Who's (still) afraid of talc?

M. Noppen


Any pulmonologist who has ever visited a pleural disease or pneumothorax session at a major international conference or symposium, has heard the famous exclamation of my good friend Prof. Richard Light, one of the “popes” of pleural disease. Prof. Light is an exponent of the (mainly North American) school of pulmonologists who do not like talc as a pleurodesis agent. These pulmonologists do not like it to be used in malignant effusion, and they certainly do not like it to be used in young people with benign diseases, such as spontaneous pneumothorax!

The main reason for this is fear. Fear that talc is not safe. Fear that talc induces acute respiratory distress syndrome (ARDS). Fear that talc induces death. Fear that talc excludes eventual pulmonary surgery or transplantation. Fear that talc induces impaired lung function. Fear that talc causes mesothelioma or cancer. Fear that talc makes surgeons angry (now that is one I can understand!). Fear, however, is a bad advisor; knowledge is a much better one. Let us see what is known about talc safety.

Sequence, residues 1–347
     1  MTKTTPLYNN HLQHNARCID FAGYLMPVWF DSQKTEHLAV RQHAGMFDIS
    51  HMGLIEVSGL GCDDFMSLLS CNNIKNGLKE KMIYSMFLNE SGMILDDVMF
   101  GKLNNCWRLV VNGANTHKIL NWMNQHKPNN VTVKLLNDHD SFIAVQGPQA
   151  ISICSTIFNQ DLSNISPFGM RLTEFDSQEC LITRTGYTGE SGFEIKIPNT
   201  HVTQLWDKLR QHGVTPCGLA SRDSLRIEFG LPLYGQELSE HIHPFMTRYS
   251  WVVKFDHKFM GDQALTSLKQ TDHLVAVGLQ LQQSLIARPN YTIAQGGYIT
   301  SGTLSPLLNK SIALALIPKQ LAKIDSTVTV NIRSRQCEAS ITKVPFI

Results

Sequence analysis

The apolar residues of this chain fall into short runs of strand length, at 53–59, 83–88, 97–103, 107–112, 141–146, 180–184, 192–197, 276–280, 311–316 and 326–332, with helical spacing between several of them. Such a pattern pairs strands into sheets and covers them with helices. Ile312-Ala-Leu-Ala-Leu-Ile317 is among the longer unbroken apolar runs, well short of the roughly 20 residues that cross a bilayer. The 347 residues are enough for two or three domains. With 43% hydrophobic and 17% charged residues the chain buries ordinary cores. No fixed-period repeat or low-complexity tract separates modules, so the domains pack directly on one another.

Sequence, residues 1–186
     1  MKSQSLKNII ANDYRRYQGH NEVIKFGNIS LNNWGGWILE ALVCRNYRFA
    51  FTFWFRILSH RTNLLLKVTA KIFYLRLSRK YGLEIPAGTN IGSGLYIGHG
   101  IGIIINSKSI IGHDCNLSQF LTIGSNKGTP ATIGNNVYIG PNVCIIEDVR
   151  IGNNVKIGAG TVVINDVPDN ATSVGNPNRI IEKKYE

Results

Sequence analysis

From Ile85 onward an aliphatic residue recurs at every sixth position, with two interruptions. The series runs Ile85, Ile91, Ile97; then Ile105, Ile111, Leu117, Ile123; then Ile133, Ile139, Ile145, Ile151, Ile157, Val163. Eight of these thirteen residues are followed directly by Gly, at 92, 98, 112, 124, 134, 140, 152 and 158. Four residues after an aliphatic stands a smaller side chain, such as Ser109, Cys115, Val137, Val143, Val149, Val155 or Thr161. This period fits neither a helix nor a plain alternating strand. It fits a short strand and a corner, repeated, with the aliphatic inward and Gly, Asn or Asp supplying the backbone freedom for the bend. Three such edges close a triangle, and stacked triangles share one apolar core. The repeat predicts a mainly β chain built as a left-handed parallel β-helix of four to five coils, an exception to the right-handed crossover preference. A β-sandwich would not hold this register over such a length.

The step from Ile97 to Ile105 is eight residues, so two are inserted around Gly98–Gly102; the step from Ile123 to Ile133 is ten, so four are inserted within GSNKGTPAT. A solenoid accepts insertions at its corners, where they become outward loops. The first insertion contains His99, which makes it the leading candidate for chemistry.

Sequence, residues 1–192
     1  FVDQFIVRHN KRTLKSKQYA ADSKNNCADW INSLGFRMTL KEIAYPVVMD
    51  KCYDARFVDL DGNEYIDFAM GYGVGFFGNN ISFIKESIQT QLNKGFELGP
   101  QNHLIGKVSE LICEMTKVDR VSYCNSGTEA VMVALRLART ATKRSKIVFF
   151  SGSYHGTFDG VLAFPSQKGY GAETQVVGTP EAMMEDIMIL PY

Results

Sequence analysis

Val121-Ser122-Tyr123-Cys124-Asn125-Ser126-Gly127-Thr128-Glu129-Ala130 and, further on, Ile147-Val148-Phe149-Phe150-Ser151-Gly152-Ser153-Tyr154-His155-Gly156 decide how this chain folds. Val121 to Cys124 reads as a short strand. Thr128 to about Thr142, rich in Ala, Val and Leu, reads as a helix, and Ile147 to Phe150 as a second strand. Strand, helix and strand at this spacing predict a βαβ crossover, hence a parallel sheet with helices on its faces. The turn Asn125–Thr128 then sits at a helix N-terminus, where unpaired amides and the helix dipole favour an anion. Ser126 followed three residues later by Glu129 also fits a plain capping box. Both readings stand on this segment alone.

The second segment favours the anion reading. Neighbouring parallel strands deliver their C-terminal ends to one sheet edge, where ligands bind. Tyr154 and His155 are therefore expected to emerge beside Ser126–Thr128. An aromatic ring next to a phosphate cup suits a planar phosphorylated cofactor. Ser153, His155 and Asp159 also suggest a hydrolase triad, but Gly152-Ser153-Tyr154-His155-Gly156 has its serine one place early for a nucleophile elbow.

Although some authors have observed respiratory failure, ARDS and even death after talc pleurodesis 1, 2, others have not, even in large series 35. In any case, these serious complications are extremely rare (41 out of 4,030 patients in a study by Sahn 6) and have only been observed in studies from the USA, Brazil and New Zealand, and not, for instance, in Europe or Israel. The occurrence of these serious complications seemed to be independent of the underlying disorder (malignant effusion or pneumothorax), the volume of talc used (2–10 g) or the method of administration (slurry or poudrage). An important observation, however, was that talc dissemination has been observed in virtually all organs when North American or Brazilian talc was used 7, 8 but not when extremely high doses were used 9, whereas no talc dissemination occurred when European, size-calibrated talc was used 10. Lung damage occurs only when small particle-sized talc is used, and not after exposure to large particle-sized talc 11. Small particle-sized talc causes more inflammation and impaired gas exchange than large particle-sized talc 12. Therefore, the observed differences in serious complications within various countries can mainly be attributed to differences in talc used, that is, differences in the number or proportion of small-sized talc particles 13. This hypothesis is corroborated by the fact that particle size is only mentioned in one as yet unpublished paper describing serious complications (talc particle diameter of 5–70 µm), in which it was observed that complications occur more often when small particle-sized talc is used (cut-off 5 µm), and, finally, by the results of a large, prospective, observational European study in which no case of ARDS was observed in a cohort of 558 patients treated with talc poudrage 14. The conclusion is that talc is safe if size-calibrated talc is used and at normal dosages.